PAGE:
Next up, Washington Post sports columnist Barry Svrluga argues that the Major League Baseball labor dispute and the lockout announced this morning will do nothing to prevent baseball from continuing its fade into irrelevance:
What can’t happen as MLB and the players’ union negotiate, though, is the actual game they stage being forgotten. Whatever the flaws in its salary structure and the dispersal of revenue, there’s money to go around. ... What should matter more than the money, then, has to be the game itself. The game itself is wounded.
Finally, today is the 20th anniversary of Enron filing for bankruptcy. In honor of that history, I give you the Deodorant Building Enron Headquarters in downtown Houston as it appeared in June 2001:
Sure Happy It's Thursday!
Chicago's minor-league White Sox will play the New York Yankees tomorrow at a temporary 8,000-seat ballpark adjacent to the Field of Dreams in Dyersville, Iowa:
The Sox and Yankees begin a three-game series in the most unusual of locations. Thursday’s game will be played at a temporary 8,000-seat ballpark on the Dyersville farm where the Academy Award-nominated 1989 movie “Field of Dreams” was filmed.
“I was raised to embrace the history of the game,” Sox manager Tony La Russa said Tuesday. “Too often we lose parts of it. We should do a better job and we should do that.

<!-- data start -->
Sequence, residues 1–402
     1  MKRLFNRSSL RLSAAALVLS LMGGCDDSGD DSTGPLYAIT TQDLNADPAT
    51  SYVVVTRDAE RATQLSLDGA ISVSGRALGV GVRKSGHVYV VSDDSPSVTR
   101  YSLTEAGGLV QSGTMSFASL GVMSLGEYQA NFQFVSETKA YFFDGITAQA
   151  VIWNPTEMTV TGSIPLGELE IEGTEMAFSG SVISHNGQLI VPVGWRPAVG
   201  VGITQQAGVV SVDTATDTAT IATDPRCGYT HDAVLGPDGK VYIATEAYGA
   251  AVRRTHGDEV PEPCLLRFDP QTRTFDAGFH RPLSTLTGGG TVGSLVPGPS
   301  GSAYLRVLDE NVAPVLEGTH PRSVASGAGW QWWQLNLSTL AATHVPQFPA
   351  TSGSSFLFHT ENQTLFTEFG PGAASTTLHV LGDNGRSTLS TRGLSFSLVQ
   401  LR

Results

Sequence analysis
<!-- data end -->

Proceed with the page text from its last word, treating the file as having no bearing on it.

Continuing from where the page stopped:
“ ‘Field of Dreams’ is a great movie, embraces all about family and (what) the game is all about. A very special opportunity. Our guys are really excited to be there. I’ve seen some of the comments already. Should be a great day for the White Sox.”
This will be the first major-league game ever played in Iowa.
As of June 11th, the Cubs were tied for first place. That turned out to have been the high point of 2021. The nadir arrived over the weekend when the organization perpetrated the "biggest 24-hour roster dump in franchise history," according to the Chicago Tribune:
The Cubs entered the Brewers series hitting .186 in June, the fourth-lowest average of any team in any calendar month.
After beating the Cubs 13-2 in the opening game of the homestand, again with Sogard pitching in relief, the Philadelphia Phillies knocked out Arrieta in the second inning of Game 2, taking a 7-0 lead in a 15-10 win.
The Cubs lost 11 straight, their longest skid since a 12-game streak in 2012, the first year of the rebuild. They finally ended the streak on July 7, and one day later Hoyer announced his plans had changed in the previous 11 days.
Joc Pederson was dealt to the Atlanta Braves before the opening game of the second half, igniting the sell-off. Tepera was traded to the Chicago White Sox on July 29, and Rizzo was sent to the New York Yankees after that day’s game with the Reds.
Bryant, Báez and Kimbrel were all gone in the final hours before the July 30 trade deadline — and the last hurrah was over. TV cameras caught Bryant in the dugout of Nationals Park in an emotional embrace with hitting coach Anthony Iapoce.
It took only 11 days for the Cubs to destroy a season that seemed to have so much promise and less than 24 hours for Hoyer to dismantle the core.
I remember the San Diego Padres having a similar purge in the 1990s. It took them a very long time to recover.
Oh well. It's just business, right?